The rollout of Covid-19 vaccination is well underway, with more than 700 million doses given worldwide as of April 2021. Vaccination is highly effective at reducing severe illness and death from Covid-19. Vaccines for Covid-19 are also safe, with extremely low risks of severe adverse events. A major threat to the impact of vaccination in preventing disease and death from Covid-19 is low uptake of vaccines. In article published in the British Medical Journal, we give on overview of vaccine hesitancy and some approaches that clinicians and policymakers can adopt at the individual and community levels to help people make informed decisions about Covid-19 vaccination.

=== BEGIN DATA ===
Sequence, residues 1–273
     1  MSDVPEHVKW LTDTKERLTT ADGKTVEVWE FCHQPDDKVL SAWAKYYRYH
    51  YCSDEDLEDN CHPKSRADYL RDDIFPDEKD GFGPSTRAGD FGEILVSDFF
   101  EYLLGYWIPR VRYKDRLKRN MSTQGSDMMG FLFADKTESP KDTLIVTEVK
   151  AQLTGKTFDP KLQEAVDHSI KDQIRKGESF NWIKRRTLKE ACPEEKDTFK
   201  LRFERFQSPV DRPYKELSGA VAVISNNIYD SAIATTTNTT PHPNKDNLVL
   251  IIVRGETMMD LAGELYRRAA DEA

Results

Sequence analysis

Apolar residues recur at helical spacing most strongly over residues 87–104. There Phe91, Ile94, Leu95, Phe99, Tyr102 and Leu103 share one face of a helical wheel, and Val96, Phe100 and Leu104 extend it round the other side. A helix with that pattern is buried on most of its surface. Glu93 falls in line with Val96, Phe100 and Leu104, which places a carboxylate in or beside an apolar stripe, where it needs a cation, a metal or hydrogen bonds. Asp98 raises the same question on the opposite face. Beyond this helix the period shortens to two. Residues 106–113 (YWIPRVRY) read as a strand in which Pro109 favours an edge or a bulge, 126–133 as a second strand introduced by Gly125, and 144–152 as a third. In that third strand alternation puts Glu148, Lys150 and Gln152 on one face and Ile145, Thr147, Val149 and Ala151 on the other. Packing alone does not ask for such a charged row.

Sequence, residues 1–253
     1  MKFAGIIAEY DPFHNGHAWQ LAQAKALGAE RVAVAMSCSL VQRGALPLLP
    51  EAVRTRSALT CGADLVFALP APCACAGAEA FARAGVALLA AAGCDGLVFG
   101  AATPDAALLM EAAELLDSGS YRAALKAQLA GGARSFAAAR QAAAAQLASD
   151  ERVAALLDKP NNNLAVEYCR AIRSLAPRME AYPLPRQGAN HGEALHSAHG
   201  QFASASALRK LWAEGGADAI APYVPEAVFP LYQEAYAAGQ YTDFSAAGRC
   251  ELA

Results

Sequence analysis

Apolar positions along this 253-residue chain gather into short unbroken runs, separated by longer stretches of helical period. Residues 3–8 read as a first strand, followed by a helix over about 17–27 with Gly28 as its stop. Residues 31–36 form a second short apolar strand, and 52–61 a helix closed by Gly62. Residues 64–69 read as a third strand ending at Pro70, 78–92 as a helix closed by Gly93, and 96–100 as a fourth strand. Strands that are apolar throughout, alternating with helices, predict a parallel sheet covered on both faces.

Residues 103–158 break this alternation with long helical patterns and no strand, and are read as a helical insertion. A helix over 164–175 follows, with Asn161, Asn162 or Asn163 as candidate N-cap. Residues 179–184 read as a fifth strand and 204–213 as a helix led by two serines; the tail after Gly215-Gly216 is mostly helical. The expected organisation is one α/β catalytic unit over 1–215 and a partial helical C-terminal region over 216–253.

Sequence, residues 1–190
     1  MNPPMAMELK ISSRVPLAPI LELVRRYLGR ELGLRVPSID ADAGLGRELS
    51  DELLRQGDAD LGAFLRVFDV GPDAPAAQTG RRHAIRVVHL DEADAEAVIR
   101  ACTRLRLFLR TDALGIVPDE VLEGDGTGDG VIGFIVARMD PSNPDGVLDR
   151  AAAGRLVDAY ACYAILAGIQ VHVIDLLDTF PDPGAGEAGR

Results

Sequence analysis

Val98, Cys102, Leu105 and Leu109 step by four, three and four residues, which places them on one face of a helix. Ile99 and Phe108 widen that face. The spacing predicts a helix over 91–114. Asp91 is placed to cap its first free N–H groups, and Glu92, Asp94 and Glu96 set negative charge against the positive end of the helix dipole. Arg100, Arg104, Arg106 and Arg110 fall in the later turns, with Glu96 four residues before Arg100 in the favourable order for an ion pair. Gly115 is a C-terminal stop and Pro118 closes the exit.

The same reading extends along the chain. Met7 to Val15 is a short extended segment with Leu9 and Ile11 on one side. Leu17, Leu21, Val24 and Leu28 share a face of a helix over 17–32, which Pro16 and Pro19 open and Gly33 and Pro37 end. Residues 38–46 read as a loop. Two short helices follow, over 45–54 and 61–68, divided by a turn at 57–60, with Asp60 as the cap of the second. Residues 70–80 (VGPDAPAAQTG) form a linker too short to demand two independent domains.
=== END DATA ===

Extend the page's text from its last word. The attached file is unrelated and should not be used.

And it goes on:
The World Health Organization defines vaccine hesitancy as a “delay in acceptance or refusal of safe vaccines despite availability of vaccine services.” It is caused by complex, context specific factors that vary across time, place, and different vaccines, and is influenced by issues such as complacency, convenience, confidence, and sociodemographic contexts. Vaccine hesitancy may also be related to misinformation and conspiracy theories which are often spread online, including through social media. In addition, structural factors such as health inequalities, socioeconomic disadvantages, systemic racism, and barriers to access are key drivers of low confidence in vaccines and poor uptake. The term vaccine hesitancy, although widely used, may not adequately convey these wider determinants that influence decisions to delay or refuse vaccination.